April 15th, 2013
Robin Collins, professor of philosophy, recently received a $53, 644 grant through the Providence and Chance project (funded by the John Templeton Foundation) to work on a two-year project entitled “Discoverability, Providence, and Chance.” He will be working with Messiah College physicist Abaz Kryemadhi.
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July 2nd, 2012
David Pettegrew, associate professor of history, has received a grant from Harvard University’s Loeb Classical Library Foundation to complete research on a work titled, “The Isthmus of Corinth: Crossroads of the Roman Mediterranean.” The book explores the story of the Isthmus of Corinth and the region’s connections to the Mediterranean world during the Roman era.
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June 11th, 2012
Eli Kane, a junior history major, was chosen as one of 38 interns for the prestigious 2012 Junior Fellows Summer Internship Program at the Library of Congress.
Working under the direction of Library curators and specialists in various divisions, the Junior Fellows explore and increase access to the institution’s unparalleled collections and resources. They are exposed to a broad spectrum of library work: copyright, preservation, reference, access standards, information management and digital initiatives. In the past, summer interns have identified hundreds of historical, literary, artistic, cinematic and musical gems in the course of their work, representing the Library’s rich cultural, creative and intellectual assets.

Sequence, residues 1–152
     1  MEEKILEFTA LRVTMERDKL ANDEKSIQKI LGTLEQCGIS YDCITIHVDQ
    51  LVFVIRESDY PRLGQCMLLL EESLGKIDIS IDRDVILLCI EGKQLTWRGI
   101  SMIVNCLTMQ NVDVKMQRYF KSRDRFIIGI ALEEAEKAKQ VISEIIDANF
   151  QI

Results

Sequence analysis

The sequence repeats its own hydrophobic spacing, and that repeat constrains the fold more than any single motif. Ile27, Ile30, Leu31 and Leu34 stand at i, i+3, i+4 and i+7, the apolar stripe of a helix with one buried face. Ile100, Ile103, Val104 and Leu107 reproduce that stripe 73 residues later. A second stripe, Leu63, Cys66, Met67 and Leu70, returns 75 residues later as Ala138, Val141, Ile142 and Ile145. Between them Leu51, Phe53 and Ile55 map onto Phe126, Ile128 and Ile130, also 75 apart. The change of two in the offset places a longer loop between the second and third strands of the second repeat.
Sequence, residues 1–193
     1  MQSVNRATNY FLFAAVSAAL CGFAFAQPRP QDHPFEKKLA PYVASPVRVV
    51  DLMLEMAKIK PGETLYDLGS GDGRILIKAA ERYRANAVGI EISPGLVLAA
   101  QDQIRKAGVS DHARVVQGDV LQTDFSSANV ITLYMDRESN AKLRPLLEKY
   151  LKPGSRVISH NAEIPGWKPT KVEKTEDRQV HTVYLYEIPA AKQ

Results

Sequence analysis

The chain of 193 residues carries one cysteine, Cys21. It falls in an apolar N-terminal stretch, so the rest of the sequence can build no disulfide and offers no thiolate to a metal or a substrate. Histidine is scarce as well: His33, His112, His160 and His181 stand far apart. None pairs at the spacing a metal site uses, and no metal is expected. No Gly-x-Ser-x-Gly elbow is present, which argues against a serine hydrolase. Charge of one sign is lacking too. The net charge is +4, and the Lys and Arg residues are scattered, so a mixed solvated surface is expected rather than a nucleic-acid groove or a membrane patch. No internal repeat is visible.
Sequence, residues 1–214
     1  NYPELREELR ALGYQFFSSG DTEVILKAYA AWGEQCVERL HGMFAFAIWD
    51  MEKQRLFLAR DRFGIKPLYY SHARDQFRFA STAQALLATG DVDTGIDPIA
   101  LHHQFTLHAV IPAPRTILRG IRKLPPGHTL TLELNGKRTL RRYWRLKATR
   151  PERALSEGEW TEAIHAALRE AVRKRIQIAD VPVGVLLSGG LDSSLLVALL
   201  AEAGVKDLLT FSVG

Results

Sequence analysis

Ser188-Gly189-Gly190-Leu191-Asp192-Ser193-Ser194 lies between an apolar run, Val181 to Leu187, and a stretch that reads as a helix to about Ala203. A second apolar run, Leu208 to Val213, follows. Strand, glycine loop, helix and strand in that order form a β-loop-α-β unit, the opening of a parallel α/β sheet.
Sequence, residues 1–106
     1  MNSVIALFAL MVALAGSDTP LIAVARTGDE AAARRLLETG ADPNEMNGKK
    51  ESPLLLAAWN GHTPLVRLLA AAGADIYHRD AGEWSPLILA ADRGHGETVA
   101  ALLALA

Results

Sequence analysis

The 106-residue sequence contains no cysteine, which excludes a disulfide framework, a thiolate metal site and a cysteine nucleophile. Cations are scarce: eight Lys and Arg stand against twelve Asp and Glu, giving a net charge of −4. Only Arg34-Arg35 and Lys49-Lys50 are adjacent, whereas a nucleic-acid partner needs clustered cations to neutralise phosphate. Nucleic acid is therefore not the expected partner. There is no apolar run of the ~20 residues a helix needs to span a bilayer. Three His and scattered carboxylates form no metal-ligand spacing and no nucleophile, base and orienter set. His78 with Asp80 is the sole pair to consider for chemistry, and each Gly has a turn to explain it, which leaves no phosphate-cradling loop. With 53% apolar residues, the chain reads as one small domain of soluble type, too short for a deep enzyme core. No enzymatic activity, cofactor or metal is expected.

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June 4th, 2012
The Center for Christian Thought at Biola University has awarded Robin Collins, professor of philosophy, a $48,000 senior fellowship to elaborate further on his potentially revolutionary view of the human soul.
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April 5th, 2010
On March 30 six local women graduated from the Hoverter Course, a seven-month program of college-level humanities coursework for economically or educationally disadvantaged Harrisburg area residents. The students completed courses in writing, communications, American history, the creative arts, and philosophy. Upon completion of the Hoverter Course, the participants also receive three Messiah College credits.
Read more about the Hoverter Course.
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March 31st, 2009
Eleven adults will graduate from the Hoverter Course, a college-level program in the humanities earning graduates three Messiah College credits.
Participants have been taking courses at the College’s Harrisburg Institute for seven months. The program is sponsored by the College’s Center for Public Humanities.
The graduates are economically or educationally disadvantaged Harrisburg area residents with a high school diploma or GED whose circumstances have prevented them from considering a college education. They have completed 110 hours of instruction in the disciplines of writing, communication, critical/ethical thinking, creative arts, and history/civics.
In addition to free instruction, Messiah provides participants with books and instructional materials as well as transportation and childcare, as needed.
The College began the Hoverter Course in rural Perry County. In 2008, the classes were moved to downtown Harrisburg where interest in the program was much greater. The program is funded through a generous grant from the Hoverter Foundation.
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